Ariel Moutsatsos discusses the importance of economic, and fiscal reform in the upcoming elections in Mexico. He believes that what is at stake in these elections is not just the battle between progressive and traditionalist viewpoints, liberals against conservatives, nor is it a simple confrontation between independents and realists, revolutionaries against porfiristas; what is at stake is the wellbeing, future, and credibility of the Mexican nation itself. Moutsatsos explains the complexity of these issues, and describes how Spanish and Chilean socialism can serve as examples for Mexico in order to create and sustainable development, better the quality of life, and reduce poverty and social inequalities.
Ariel Moutsatsos is a Mexican journalist of Greek origin. He graduated from the Technological Institute of Monterey. He has a master’s in International Relations from Complutense University of Madrid and has been an international correspondent in New York, Europe, and the Middle East. He covered the terrorist attacks of September 11th and March 11th for Mexican television and radio. He has instructed classes on International Terrorism and Comparative Press.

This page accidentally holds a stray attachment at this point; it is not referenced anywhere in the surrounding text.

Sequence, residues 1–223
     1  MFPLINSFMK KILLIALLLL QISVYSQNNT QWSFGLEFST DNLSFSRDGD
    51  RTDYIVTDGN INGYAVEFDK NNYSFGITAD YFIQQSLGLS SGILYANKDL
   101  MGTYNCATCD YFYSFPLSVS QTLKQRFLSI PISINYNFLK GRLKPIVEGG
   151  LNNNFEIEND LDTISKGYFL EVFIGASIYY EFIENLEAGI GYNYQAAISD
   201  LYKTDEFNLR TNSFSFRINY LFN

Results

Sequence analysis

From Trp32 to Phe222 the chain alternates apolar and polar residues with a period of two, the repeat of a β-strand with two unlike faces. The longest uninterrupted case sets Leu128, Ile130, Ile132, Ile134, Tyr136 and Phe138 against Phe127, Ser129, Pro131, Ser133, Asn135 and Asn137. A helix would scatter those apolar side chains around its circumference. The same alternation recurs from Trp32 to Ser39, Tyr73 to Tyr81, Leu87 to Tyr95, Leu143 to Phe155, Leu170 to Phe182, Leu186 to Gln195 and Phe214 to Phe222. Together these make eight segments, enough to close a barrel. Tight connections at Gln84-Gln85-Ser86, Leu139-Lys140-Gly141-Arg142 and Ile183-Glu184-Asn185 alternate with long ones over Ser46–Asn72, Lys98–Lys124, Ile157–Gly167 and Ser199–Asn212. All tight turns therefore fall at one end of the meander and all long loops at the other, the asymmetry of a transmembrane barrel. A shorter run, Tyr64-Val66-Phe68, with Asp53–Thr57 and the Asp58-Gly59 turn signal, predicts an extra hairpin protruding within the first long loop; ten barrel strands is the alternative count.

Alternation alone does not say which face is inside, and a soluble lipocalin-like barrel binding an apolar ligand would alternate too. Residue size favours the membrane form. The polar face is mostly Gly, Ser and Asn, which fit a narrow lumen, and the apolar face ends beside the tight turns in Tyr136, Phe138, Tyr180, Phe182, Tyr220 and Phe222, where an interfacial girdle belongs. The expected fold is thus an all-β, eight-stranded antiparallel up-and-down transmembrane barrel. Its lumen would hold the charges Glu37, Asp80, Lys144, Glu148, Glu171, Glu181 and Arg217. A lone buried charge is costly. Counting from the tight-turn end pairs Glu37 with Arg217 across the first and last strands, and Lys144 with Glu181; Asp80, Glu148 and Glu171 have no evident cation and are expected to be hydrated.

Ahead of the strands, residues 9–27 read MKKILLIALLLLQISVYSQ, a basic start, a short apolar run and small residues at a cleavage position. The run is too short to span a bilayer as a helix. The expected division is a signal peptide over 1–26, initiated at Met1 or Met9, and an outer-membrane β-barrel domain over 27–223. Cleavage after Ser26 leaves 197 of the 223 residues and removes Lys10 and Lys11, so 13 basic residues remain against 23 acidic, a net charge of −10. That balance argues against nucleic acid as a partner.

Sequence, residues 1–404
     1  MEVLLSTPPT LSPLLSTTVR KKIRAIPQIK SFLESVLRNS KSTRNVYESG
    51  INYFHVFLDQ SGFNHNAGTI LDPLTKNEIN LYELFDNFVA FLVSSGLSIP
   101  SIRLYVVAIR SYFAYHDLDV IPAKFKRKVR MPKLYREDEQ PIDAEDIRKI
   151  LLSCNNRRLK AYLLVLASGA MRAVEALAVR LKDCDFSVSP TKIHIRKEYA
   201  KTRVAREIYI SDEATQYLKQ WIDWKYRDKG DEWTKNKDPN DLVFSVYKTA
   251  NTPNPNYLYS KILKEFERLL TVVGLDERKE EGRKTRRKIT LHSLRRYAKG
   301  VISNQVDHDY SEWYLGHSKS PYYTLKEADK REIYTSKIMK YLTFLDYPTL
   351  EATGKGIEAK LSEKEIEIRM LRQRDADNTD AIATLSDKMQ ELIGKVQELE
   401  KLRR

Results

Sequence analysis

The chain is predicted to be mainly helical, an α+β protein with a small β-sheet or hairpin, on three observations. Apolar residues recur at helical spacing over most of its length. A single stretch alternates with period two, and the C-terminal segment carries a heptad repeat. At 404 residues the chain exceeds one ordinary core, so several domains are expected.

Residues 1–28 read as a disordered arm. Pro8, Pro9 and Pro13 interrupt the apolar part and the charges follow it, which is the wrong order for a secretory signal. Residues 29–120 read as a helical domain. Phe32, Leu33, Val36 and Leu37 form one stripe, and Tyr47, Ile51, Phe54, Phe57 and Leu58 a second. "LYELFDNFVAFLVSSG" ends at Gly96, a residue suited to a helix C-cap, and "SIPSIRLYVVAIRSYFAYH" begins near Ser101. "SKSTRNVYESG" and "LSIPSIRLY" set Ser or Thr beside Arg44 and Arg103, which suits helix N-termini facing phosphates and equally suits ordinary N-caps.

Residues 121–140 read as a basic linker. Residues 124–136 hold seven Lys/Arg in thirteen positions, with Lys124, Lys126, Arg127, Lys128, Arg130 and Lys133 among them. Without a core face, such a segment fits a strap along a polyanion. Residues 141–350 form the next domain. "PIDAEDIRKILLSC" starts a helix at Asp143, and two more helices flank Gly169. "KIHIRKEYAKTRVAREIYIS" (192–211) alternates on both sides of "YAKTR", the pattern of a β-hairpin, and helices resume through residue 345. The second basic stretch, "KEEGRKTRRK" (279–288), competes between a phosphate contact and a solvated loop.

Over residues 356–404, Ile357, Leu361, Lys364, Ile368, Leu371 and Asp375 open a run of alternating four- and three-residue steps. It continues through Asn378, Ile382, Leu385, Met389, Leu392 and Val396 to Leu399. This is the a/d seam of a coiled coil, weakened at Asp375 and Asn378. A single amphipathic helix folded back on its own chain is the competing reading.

THE PROBLEM WITH MEXICO IS THAT EVERY SIX YEARS its presidents decide to start from scratch, and reinvent the whole country, resulting in an endless sequence of inefficient changes, and recurrent instability. This trend of shortsightedness and irregular reform has weighed down Mexican society, as well as the societies of many countries throughout Latin America for ages.
Only days before the Mexicans elect a new President for the next mandate of six years (beginning December 1st), polls show a dead tie between Felipe Calderón, candidate of the conservative party now in power, Partido Acción Nacional (PAN), and Andrés Manuel López Obrador, candidate of the populist left Partido de la Revolución Democr